Japanese Researchers Discover That Exocyst Complex Component 2 (EXOC2) Is An Important Host Factor In SARS-CoV-2 Infections
: Researchers from Kyoto University - Japan and AMED-CREST, Japan Agency for Medical Research and Development (AMED)- Japan have in a news study found that Exocyst Complex Component 2 (EXOC2) is an important host factor in SARS-CoV-2 infections.
Exocyst complex component 2 is a protein that in humans is encoded by the EXOC2 gene. The protein encoded by this gene is a component of the exocyst complex, a multiple protein complex essential for targeting exocytic vesicles to specific docking sites on the plasma membrane. Though best characterized in yeast, the component proteins and the functions of the exocyst complex have been demonstrated to be highly conserved in higher eukaryotes. At least eight components of the exocyst complex, including this protein, are found to interact with the actin cytoskeletal remodeling and vesicle transport machinery. This interaction has been shown to mediate filopodia formation in fibroblasts.
The SARS-CoV-2 virus has caused an epidemic and has spread rapidly all over the world. Because the analysis of host factors other than receptors and proteases has not been sufficiently performed, the study team attempted to identify and characterize host factors essential for SARS-CoV-2 infection using iPS cells and airway organoids (AO).
Based on previous CRISPR screening and RNA-seq data, the study team found that exocyst complex component 2 (EXOC2) is one important host factor for SARS-CoV-2 infection.
Importantly, it was found that the intracellular SARS-CoV-2 nucleocapsid (N) expression level was decreased to 3.7 % and the virus copy number in cell culture medium was decreased to 1.6 % by EXOC2 knockdown. Consistently, immunostaining results showed that N protein-positive cells were significantly decreased by EXOC2 knockdown.
The SARS-CoV-2 Research
team also found that EXOC2 knockdown downregulates SARS-CoV-2 infection by regulating IFNW1 expression. In conclusion, controlling the EXOC2 expression level may prevent SARS-CoV-2 infection and deserves further study
Currently, most COVID-19 therapeutics target the SARS-CoV-2 proteins. Because the viral proteins acquire genetic sequence mutations, the emergence of new variants has a risk to make the drugs ineffective.
The detailed analyses of host factors essential for SARS-CoV-2 infection in previous studies have focused on receptors and proteases, such as ACE2 and TMPRSS2, while other host factors have not been investigated sufficiently.
Lead researcher, Dr Kazuo Takayama Center for iPS Cell Research and Application, Kyoto University and his colleagues first predicted that EXOC2 is particularly important for SARS-CoV-2 infection based on previously published data from genetic analyses (CRISPR screening and RNA-seq analysis).
The study team confirmed that suppression of EXOC2 expression by the CRISPR interference system reduced the efficiency of SARS-CoV-2 infection, using ACE2-expressing iPS cells and airway organoids.
The study team also found that the decrease in SARS-CoV-2 infection efficiency by suppression of EXOC2 expression was mediated by increased expression of IFNW1.
The study findings indicate that EXOC2 is an e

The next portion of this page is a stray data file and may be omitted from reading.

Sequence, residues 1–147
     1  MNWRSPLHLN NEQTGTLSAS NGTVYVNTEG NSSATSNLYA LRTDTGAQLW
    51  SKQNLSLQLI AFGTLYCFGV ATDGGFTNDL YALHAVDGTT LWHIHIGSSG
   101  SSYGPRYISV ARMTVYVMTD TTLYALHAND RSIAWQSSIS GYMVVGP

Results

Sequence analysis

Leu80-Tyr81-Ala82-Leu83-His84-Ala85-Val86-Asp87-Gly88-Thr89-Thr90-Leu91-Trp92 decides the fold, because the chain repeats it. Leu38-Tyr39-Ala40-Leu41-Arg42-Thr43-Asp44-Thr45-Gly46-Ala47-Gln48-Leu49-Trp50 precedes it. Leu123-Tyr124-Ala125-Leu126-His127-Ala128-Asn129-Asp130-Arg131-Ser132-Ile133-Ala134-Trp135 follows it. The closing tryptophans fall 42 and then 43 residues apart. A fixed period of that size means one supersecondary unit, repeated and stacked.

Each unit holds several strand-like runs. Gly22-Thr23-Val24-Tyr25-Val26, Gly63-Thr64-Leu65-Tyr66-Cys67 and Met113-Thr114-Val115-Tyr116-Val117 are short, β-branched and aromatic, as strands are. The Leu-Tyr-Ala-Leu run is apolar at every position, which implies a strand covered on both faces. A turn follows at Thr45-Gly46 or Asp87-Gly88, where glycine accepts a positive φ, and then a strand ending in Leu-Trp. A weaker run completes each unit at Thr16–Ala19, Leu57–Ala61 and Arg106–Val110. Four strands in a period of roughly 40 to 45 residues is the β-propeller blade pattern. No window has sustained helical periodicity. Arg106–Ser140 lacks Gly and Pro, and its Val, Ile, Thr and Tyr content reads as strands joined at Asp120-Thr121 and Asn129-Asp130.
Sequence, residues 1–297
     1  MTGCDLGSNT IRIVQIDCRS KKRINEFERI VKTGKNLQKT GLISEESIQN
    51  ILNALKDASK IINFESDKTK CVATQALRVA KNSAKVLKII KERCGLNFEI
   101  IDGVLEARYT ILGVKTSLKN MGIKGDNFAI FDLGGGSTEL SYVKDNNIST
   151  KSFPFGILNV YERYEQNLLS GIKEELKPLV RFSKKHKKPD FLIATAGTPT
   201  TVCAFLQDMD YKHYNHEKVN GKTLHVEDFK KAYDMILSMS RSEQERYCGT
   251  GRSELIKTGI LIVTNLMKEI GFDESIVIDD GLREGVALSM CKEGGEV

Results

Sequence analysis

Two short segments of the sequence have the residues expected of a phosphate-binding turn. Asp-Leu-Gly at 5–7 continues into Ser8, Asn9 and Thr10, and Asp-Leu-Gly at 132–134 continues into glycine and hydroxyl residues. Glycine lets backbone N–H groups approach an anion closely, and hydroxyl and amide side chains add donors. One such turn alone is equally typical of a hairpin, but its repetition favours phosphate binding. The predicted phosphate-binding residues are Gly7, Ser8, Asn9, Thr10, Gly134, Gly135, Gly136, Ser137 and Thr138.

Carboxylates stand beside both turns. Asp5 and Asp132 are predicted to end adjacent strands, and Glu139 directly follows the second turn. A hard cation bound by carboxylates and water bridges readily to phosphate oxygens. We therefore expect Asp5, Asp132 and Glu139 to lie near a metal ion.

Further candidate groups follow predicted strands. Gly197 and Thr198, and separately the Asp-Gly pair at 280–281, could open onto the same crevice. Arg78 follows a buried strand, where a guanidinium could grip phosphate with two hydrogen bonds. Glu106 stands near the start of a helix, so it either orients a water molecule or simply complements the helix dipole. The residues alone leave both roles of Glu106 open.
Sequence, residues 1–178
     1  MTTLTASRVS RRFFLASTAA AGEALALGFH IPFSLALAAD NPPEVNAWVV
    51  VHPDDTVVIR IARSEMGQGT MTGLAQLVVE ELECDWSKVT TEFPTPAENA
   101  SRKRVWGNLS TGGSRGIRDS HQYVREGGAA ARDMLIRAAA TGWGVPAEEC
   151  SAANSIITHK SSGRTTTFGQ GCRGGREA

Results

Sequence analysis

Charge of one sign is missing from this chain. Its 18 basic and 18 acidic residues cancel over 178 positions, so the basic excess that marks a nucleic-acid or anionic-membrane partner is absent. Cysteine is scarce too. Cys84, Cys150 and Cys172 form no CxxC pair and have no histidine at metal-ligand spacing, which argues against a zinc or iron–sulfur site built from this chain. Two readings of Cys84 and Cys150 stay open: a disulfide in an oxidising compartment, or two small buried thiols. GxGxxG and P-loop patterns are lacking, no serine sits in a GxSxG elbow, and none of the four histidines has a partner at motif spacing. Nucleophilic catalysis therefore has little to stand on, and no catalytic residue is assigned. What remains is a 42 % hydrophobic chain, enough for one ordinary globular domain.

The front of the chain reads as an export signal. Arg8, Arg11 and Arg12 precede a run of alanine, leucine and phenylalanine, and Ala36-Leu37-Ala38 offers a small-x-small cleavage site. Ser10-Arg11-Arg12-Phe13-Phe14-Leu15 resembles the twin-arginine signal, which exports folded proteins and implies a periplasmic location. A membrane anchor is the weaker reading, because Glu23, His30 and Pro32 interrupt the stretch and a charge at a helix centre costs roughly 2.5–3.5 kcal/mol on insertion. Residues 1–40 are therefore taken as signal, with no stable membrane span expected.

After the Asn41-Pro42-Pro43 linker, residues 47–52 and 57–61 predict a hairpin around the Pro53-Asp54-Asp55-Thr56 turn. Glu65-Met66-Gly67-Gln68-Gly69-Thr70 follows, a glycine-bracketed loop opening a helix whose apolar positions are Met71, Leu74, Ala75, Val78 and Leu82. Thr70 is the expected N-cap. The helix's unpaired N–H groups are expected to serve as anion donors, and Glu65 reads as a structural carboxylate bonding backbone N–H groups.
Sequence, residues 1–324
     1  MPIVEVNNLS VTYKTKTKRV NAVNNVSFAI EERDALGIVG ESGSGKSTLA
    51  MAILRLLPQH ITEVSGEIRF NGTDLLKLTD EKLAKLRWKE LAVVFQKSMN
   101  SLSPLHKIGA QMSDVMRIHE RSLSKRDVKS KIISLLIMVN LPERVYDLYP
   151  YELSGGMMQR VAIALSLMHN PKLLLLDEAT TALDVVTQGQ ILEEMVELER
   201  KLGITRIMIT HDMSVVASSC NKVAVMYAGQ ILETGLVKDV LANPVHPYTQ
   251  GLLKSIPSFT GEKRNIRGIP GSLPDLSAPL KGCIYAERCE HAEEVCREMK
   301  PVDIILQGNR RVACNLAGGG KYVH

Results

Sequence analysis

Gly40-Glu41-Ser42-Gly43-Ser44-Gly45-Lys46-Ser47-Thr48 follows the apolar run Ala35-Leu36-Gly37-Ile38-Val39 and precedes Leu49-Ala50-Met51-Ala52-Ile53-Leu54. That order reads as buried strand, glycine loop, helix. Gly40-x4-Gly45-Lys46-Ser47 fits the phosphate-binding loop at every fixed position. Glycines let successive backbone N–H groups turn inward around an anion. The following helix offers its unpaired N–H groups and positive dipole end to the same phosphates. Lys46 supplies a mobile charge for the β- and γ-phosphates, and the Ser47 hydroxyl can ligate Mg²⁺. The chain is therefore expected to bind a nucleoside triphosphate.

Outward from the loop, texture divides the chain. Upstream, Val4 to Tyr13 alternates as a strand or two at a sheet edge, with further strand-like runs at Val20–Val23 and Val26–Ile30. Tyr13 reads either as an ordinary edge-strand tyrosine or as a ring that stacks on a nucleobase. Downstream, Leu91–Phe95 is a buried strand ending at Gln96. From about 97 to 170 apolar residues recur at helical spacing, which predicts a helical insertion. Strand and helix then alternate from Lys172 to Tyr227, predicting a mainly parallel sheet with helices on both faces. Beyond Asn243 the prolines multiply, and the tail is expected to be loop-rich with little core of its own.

ssential host factor for SARS-CoV-2 infection and that regulation of EXOC2 and IFNW1 expression may lead to develop new treatments for COVID-19.
The study findings were published in the peer reviewed journal: iScience.
The study findings demonstrated that EXOC2 is necessary for SARS-CoV-2 infection. CRISPRi-based and siRNA-based EXOC2 knockdown decreased the infection efficiency of SARS-CoV-2 in human iPS cells and AO, respectively. EXOC2 knockdown also increased the expression level of IFNW1, which has antiviral effects against SARS-CoV-2 and is one of the reasons for the antiviral effect mediated by EXOC2 knockdown.
The study team also found that the F-actin inhibitor Cytochalasin D significantly decreased the SARS-CoV-2 infection efficiency.
The study findings highlight that EXOC2 is a potential target for clinical therapeutics; especially, pharmacological EXOC2 inhibitors may prevent or reduce the impact of SARS-CoV-2 infection.
EXOC2/Sec5 is one of the subunits of the exocyst complex. It is also known as an effector for small GTPases in the Ras subfamily, RalA and RalB, which are involved in multiple cellular events, such as cell polarization, migration, apoptosis, cytokinesis, autophagy, host defense, tumorigenesis, and metastasis.
It is still not clear however as to whether the exocyst complex or other exocyst subunits are necessary for cellular homeostasis. Because cell viability was slightly reduced by EXOC2 knockdown, it is necessary to carefully consider toxicity of this knockdown when conducting drug discovery focusing on EXOC2.
TNTs or Tunneling nanotubes, which are different from other known protrusions (filopodia, microvilli, and dendritic spines), are mainly composed of F-actin and regulated by EXOC2/Sec5.
Tunneling nanotubes (TNTs) have been found particularly in immune cells and neurons cell lines and were proven to associate with many pathogens, especially viruses, such as HIV, herpesviruses, and influenza A.
Interestingly, viruses can hijack TNTs to facilitate viral entry, virus trafficking, cell-to-cell spread, and their protection from immune surveillance.
The signaling pathways that control TNT formation however seem context-dependence, and several EXOC2-independent pathways, such as the Rab35-ACAP2-ARF6-EHD1 cascade in neuron cells 37 and the MAPK pathway in squamous cancer cells 38, have been reported to control TNT formation. Hence, the potency of drugs targeting TNTs should be investigated in other somatic cells.
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